The European Commission approved use of the drug for early-stage HER2-positive tumours sooner than expected, following positive feedback from the EU's Committee for Human Medicinal Products.
Andrew Dillon, chief executive of NICE, said work on the first draft technology appraisal of the drug would be accelerated.
'We are working hard to ensure our review is completed as soon as possible, and we will update our timelines on the basis of the earlier-than-anticipated granting of the licence as indicated by the manufacturer,' he said.
The licensing move has renewed calls for PCTs to provide trastuzumab to women with early-stage disease.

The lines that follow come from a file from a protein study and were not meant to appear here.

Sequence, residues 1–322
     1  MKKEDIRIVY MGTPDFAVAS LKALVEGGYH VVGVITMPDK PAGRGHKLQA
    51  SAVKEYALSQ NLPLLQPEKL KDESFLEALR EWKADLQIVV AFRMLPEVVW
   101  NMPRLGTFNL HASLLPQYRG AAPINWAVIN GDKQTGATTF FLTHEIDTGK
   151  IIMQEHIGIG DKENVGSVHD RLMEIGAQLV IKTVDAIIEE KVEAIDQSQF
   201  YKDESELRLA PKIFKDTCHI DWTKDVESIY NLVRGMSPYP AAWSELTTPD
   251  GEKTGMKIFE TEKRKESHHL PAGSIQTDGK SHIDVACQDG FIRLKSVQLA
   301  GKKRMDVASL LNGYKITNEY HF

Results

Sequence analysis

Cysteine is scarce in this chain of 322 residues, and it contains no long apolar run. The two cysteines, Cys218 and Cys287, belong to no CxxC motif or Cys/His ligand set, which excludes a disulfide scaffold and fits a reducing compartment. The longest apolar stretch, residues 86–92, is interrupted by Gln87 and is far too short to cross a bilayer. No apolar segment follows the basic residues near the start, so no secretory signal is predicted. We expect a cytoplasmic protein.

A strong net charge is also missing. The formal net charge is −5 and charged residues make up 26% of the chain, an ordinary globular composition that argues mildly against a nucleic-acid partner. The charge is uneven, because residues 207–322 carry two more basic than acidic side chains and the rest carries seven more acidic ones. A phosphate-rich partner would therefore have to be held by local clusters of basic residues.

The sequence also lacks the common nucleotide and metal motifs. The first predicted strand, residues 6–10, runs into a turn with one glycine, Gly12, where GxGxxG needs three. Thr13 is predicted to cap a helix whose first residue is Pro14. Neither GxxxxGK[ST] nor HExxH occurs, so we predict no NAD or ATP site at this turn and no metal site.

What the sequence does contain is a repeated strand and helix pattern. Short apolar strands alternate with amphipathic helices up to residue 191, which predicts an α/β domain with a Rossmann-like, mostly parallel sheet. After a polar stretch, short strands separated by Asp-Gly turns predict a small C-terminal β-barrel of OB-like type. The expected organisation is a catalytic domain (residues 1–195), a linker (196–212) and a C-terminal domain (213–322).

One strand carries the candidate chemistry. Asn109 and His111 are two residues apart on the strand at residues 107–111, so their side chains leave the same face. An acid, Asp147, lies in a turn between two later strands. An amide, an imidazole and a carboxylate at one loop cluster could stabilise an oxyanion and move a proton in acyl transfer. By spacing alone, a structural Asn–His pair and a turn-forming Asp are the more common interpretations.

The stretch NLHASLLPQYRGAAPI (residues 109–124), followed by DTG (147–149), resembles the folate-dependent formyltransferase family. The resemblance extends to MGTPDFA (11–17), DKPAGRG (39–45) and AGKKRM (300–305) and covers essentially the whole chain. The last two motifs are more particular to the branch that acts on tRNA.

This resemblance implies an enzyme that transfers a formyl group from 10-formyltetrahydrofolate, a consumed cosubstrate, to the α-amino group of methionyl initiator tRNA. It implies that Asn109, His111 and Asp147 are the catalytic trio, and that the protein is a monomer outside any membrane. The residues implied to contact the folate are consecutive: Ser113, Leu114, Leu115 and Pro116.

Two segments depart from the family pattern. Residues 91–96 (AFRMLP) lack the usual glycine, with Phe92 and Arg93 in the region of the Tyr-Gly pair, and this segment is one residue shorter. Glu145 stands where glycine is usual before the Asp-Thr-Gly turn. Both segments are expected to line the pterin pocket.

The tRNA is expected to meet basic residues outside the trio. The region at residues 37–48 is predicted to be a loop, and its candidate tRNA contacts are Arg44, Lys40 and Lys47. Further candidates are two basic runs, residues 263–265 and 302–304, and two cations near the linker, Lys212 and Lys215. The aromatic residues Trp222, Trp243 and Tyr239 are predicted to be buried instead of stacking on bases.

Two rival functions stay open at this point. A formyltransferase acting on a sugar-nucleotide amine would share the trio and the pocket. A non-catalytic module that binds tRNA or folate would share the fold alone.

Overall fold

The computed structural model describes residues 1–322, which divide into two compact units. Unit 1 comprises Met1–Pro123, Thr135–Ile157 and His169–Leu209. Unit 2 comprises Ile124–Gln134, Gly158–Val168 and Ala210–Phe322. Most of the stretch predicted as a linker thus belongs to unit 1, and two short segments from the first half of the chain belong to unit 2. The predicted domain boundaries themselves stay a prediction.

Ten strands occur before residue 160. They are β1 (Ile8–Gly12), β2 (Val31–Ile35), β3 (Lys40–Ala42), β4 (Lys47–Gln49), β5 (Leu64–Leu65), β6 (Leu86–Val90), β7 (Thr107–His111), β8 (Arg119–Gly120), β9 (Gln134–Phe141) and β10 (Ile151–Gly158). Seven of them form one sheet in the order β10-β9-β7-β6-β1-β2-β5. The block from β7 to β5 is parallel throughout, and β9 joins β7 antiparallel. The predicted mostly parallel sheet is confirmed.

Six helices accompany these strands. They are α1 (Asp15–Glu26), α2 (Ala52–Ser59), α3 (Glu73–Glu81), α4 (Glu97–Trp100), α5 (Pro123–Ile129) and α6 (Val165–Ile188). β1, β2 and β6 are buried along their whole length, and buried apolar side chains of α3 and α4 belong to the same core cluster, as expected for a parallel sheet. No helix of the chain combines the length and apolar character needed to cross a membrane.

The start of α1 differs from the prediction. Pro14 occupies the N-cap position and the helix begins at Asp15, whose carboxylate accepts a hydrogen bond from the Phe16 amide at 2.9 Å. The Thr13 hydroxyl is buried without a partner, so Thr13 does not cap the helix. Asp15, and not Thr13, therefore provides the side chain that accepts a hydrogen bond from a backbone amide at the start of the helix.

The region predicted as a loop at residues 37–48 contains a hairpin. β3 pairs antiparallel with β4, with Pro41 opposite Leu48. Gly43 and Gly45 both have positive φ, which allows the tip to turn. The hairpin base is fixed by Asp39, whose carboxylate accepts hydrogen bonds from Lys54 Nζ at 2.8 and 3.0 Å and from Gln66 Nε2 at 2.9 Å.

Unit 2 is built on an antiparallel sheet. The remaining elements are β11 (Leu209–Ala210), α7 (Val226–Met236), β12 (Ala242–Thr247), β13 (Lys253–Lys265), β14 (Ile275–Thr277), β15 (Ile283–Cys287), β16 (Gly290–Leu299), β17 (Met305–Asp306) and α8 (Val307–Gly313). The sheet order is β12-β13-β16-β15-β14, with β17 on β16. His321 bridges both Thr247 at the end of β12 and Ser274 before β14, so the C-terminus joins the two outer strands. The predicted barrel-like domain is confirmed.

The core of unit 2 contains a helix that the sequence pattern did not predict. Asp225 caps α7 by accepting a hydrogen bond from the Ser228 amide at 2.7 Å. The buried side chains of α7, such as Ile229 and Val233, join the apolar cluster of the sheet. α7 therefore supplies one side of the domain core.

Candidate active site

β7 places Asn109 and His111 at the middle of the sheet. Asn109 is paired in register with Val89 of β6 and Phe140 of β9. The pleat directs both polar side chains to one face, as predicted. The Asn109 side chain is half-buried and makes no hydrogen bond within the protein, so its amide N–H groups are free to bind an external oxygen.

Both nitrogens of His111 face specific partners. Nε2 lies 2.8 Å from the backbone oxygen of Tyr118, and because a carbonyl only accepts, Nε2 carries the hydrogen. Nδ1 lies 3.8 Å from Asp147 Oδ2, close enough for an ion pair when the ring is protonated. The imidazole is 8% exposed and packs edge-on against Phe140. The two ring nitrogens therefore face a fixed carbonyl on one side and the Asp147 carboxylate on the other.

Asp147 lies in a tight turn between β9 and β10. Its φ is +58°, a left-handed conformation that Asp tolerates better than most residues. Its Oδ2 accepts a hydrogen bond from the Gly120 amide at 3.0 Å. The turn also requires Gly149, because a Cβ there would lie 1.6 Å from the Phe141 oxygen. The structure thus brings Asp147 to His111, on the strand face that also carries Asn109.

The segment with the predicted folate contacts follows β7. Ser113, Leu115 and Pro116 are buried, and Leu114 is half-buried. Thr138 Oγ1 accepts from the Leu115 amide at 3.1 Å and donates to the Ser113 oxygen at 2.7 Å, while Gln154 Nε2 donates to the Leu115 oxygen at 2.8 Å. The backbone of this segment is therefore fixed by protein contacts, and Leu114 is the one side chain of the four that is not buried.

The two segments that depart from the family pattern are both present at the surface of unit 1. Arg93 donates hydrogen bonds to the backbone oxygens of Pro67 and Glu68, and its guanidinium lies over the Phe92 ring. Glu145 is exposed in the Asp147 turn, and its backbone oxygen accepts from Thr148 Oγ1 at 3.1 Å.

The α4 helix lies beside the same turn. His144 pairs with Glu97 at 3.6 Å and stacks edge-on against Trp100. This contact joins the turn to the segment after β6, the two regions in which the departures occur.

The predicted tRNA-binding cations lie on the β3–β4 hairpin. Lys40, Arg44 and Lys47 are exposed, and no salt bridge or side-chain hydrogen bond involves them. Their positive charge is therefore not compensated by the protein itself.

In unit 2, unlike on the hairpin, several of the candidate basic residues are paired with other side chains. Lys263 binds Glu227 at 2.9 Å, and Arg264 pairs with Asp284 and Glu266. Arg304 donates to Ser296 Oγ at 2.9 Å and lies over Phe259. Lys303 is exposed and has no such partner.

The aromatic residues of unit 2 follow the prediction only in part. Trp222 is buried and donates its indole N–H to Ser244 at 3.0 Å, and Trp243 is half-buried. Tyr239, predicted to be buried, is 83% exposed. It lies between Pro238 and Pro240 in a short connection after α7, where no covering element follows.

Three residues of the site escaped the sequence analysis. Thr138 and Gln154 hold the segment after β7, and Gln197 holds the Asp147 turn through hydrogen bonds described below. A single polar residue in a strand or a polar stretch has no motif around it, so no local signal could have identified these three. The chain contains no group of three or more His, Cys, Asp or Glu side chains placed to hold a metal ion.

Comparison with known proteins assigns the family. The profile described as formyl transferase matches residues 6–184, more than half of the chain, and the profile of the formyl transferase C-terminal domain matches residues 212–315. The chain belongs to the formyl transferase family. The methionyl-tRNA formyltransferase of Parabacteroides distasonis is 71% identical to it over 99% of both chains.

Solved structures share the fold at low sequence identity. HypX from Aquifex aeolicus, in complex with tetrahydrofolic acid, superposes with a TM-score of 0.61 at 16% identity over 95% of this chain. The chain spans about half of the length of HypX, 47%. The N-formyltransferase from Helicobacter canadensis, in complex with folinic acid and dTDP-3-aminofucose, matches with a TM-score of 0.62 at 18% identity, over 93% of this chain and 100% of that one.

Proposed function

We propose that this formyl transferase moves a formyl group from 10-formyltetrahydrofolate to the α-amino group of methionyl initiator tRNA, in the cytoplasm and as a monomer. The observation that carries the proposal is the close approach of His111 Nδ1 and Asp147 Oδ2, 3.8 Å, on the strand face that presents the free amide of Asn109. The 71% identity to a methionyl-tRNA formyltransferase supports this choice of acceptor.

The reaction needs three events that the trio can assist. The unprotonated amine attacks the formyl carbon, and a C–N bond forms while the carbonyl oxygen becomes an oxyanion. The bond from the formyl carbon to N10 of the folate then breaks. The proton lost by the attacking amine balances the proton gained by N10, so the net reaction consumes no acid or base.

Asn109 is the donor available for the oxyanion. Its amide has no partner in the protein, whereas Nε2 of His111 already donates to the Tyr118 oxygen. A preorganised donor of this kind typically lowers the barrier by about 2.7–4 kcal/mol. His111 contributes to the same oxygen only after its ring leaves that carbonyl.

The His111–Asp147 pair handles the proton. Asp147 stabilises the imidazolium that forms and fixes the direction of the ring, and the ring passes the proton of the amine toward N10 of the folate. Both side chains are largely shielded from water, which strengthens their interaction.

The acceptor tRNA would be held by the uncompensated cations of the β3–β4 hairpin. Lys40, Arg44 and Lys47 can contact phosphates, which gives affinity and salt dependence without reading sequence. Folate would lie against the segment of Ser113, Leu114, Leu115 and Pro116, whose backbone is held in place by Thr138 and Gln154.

Pressure to provide the drug has increased since research last year showed that when taken as an adjuvant, trastuzumab halved the risk of post-surgical recurrence in women with early stage breast cancer, compared with standard chemotherapy alone.
Jeremy Hughes, chief executive of Breakthrough Breast Cancer, said the European licence 'should persuade any hesitating doctor or PCT to offer Herceptin to suitable patients'.
NICE has issued preliminary guidance approving the use of aromatase inhibitors in women with early oestrogen-receptor positive breast cancer.
The move could see anastrozole, letrozole and exemestane overtake tamoxifen as standard therapy for this type of breast cancer. Study findings have shown that switching from tamoxifen to anastrozole can reduce the risk of recurrence by 40 per cent.
The final appraisal is expected in November.
NICE - Live links at GPonline.com.